After being paraded through the offices, we would walk the few blocks down to Rockefeller Center. I would gape at Atlas holding the world, which for some reason always fascinated me. The lights on Saks always enthralled me too, and then, there they were, the familiar welcoming, trumpeting angels that preceded the tree.
I never remember eating dinner, although I suppose we did. Because next on the agenda was the Christmas show at Radio City. We always went in a private entrance because…I have no idea why. My grandfather was a popular police lieutenant in that precinct and I think that had something to do with it, he must have gotten VIP tickets. When we were dating and my husband once said something about the long lines to get into Radio City I had no idea what he was talking about. We would go in a side door and up an elevator that I remember was lined with tufted, wine colored velvet. I guess I was a little bit spoiled.
(This picture is Rockefeller Center in 1955, when I was a year old)
I want to say I have been under the weather, but for me that actually means under the covers in a major funk. And who wants to hear about that?!?!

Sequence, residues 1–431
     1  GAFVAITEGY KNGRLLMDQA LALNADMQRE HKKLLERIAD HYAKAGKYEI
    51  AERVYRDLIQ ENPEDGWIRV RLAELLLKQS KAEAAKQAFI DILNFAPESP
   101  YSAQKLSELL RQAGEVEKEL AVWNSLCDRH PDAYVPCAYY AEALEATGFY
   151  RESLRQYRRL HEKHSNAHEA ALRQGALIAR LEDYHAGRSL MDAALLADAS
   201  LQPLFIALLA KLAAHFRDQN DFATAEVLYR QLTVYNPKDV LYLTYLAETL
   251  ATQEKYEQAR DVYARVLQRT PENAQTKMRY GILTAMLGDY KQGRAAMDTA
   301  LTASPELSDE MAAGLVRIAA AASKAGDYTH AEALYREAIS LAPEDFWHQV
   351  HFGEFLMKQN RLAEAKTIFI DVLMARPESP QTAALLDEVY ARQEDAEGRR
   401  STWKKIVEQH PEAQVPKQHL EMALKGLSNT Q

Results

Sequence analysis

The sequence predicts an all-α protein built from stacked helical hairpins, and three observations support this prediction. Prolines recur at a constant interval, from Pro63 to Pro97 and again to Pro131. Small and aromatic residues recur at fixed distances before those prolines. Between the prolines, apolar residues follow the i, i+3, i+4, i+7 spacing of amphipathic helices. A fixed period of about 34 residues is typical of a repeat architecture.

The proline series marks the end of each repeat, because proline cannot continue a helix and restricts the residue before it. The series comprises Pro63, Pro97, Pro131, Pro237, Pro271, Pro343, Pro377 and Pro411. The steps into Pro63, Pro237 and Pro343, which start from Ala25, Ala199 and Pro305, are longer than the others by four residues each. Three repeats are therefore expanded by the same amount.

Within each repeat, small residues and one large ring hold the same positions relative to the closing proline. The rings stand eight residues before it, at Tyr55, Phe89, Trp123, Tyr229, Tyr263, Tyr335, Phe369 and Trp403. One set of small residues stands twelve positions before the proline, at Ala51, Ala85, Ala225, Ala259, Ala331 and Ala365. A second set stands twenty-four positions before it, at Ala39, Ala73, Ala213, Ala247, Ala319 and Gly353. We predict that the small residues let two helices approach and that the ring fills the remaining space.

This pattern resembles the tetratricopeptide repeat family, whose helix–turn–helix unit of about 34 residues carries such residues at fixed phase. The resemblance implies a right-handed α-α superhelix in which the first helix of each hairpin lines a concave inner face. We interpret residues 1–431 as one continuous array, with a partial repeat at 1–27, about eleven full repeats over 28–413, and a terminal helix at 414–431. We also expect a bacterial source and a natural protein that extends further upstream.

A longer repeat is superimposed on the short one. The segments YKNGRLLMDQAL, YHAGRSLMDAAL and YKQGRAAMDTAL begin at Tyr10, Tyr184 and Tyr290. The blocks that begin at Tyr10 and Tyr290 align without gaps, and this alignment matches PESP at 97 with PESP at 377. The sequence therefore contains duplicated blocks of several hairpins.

While wallowing in misery is just about one of my favorite occupations, I do occasionally make half-hearted attempts to raise my self-pitying spirits.
There is therapy of course, where my beloved therapist offers me a million tools that I promptly forget the minute I walk out the door and revert to my one of my other favorite occupations, self loathing.
I also listen to meditation and affirmation CD’s. I know, I know, images of Stuart Smalley. So what’s so wrong with that? They actually are helpful, if slightly comical. (And by the way, if you have never seen Stuart Saves His Family, do yourself a favor, it is hysterical, especially for anyone who grew up in a dysfunctional household and/or has any familiarity with twelve step programs.)
My favorite inspirational CD’s are by Belleruth Naperstak. I really like her guided imagery but I love the affirmations.
These are the ones that speak to me the most:
Regarding my own strength:
I salute my ability to survive and my courage to heal in spite of what I have experienced.
I understand that there are treasures waiting to be discovered in the anguish of my past.
I know that I have things to do, gifts to give, purposes to accomplish that require my full strength and courage and peace of mind to do this.
Regarding obtaining strength from the people in my life, past and present:
I am aware that I am surrounded by a protective cushion of all the kindness, tender thoughts, good wishes, prayers, gentle smiles and sweet gestures that have ever been sent my way.
The most comforting of all:
I know that I am held in the hands of God and I am perfectly, utterly safe.
Happy New Year everyone!! I’ve missed you!
To leave you with a smile, here is the original trailer from Stuart Saves His Family. The cheapskates have not allowed any clips onto You Tube.